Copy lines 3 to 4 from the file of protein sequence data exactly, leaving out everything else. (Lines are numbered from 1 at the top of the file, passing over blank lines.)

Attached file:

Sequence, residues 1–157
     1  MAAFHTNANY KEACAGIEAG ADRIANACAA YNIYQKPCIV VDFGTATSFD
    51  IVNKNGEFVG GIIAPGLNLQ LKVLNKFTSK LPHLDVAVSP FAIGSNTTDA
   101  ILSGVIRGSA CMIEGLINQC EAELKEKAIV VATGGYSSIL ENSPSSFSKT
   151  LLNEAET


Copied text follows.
    51  IVNKNGEFVG GIIAPGLNLQ LKVLNKFTSK LPHLDVAVSP FAIGSNTTDA
   101  ILSGVIRGSA CMIEGLINQC EAELKEKAIV VATGGYSSIL ENSPSSFSKT